We can not understand the greatness of Real Madrid without talking about its inventor, Don Santiago Bernabeu. He grew up in Madrid. He studied at the College of the Augustinian Fathers, where he began playing football because he says “it was the best way to keep warm in the yard”. His skills attained such infamy in 1909, at only 14, was called to the youth section of Real Madrid, while attending the Instituto Cardenal Cisneros.
At that time the club didn’t have its own stadium so the board rented land in O’Donnell Street. According to historians, Santiago Bernabeu was the most helpful in preparing the football pitch, and even painted the wooden fence which had been purchased by Don Pedro Parages.
Aged 17, he was promoted to the senior team and his contribution was so good that soon his colleagues chose him as captain. Mientras grew as a player, went on to graduate law degree, as was the wish of his father.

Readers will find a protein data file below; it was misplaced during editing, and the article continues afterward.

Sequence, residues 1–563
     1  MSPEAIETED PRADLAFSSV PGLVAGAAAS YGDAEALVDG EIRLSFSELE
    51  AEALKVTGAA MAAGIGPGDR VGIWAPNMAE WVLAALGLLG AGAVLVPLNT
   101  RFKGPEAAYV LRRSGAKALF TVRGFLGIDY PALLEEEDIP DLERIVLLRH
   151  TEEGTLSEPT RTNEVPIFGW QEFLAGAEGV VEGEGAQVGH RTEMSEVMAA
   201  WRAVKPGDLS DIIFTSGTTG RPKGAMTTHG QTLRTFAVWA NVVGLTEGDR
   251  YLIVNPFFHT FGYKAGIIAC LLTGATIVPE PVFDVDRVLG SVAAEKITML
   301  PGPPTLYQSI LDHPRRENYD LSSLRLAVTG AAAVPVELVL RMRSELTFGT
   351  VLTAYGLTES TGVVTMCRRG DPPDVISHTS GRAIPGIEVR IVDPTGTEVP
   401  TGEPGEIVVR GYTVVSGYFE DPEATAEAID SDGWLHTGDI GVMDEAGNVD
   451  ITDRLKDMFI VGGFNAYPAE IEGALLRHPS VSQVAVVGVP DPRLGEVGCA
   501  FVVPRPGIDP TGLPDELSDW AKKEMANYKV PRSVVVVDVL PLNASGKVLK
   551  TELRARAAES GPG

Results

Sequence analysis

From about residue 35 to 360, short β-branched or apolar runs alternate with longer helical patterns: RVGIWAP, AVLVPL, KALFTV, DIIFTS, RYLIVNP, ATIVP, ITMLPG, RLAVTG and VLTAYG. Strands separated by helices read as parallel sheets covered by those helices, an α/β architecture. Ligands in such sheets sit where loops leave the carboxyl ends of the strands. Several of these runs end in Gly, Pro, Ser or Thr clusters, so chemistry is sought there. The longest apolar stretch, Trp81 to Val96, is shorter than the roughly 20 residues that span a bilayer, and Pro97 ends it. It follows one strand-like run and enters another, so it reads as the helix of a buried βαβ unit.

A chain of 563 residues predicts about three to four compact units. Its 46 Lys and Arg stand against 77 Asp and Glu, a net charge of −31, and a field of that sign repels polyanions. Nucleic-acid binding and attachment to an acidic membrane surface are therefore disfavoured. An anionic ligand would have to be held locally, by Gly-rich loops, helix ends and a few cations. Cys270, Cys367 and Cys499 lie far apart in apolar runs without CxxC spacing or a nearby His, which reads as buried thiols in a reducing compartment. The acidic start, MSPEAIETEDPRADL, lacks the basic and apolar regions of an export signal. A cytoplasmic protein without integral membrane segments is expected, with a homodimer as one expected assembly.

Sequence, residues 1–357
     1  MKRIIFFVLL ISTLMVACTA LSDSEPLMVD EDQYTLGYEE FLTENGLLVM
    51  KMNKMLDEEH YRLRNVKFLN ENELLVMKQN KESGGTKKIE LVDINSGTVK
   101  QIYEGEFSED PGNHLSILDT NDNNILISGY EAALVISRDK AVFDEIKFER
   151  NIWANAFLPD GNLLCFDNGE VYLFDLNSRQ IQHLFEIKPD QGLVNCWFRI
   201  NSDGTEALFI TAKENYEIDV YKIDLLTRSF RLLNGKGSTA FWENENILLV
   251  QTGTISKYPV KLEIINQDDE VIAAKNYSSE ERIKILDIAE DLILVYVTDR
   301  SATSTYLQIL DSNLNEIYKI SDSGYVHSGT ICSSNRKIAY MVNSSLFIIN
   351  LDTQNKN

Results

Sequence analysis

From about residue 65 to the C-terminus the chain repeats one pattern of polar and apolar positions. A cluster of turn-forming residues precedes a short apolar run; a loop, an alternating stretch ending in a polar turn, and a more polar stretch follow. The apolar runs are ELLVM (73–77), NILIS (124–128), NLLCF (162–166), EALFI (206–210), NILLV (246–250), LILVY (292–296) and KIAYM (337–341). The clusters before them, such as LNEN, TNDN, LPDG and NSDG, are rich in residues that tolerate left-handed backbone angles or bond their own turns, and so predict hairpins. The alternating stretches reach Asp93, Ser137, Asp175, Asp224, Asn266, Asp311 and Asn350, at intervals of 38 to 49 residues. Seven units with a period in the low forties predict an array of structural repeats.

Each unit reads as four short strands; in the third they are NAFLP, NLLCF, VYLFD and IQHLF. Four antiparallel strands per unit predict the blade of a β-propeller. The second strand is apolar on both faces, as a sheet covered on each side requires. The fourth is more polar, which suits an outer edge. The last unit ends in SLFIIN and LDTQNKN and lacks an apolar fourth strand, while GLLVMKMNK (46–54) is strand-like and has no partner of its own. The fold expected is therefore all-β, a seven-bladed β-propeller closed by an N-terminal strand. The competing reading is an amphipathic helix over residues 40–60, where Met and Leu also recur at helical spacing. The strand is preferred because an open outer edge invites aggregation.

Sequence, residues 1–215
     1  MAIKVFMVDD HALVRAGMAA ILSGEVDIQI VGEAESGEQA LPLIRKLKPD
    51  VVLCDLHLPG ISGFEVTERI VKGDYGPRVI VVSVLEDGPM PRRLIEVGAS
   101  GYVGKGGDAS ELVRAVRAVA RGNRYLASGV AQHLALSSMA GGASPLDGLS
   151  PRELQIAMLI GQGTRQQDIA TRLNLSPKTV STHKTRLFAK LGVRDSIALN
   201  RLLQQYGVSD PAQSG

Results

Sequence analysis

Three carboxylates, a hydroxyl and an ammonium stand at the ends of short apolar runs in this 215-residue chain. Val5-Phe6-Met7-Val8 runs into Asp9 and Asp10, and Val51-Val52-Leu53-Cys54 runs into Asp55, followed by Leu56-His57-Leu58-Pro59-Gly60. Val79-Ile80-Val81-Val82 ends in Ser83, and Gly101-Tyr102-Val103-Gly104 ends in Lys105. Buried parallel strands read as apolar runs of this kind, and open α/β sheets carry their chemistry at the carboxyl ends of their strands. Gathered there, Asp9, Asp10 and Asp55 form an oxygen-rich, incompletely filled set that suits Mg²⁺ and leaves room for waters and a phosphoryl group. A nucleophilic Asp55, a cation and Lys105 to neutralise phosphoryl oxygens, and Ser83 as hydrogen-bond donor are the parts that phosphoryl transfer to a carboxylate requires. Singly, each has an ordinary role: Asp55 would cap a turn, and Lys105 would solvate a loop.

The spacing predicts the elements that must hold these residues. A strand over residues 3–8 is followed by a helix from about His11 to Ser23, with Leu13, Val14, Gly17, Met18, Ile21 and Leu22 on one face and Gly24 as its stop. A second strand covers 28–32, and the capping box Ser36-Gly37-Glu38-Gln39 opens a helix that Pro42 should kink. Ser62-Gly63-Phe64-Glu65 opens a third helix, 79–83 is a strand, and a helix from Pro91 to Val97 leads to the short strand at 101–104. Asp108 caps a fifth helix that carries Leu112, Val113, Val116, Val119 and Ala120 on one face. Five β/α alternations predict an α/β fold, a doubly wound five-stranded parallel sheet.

Rebuilding Real Madrid
When the war ended, Real Madrid had no land, their funds had been plundered and it didn’t have enough decent players to form a team. Undaunted, however, Bernabeu methodically contacted friends and supporters of the club to get the club re-enrolled in the Spanish League.
No doubt, this dedication saved the club from extinction and embedded the best qualities of Bernabeu on the club. He was an athlete who always demonstrated tenacity, showed sacrifice, vision and a great love for the colours of the football club.
To achieve their aims of making Madrid the best club in the world, Santiago created an action plan where each person was responsible for a certain area. He also set up independent technical bodies for each section of the club and even for each category of football. Real Madrid began to emerge throughout Spain first, and then throughout the world in new disciplines such as basketball, handball, volleyball, tennis and gymnastics, among others. That style was later taken on board by other clubs in several European countries.
A New Stadium Was Born
His plan also included building a new Chamartin Stadium, which at that time was the largest in Europe, and Sports City where they could develop a variety of services for the junior and club members.
Despite the administrative success, Real Madrid lacked the results on the football pitch. This was why Senor Bernabeu went looking for the best players in the world. He then contracted, among others, the Argentinean Alfredo di Stéfano, who helped the team win their third league championship after 21 years without a big win.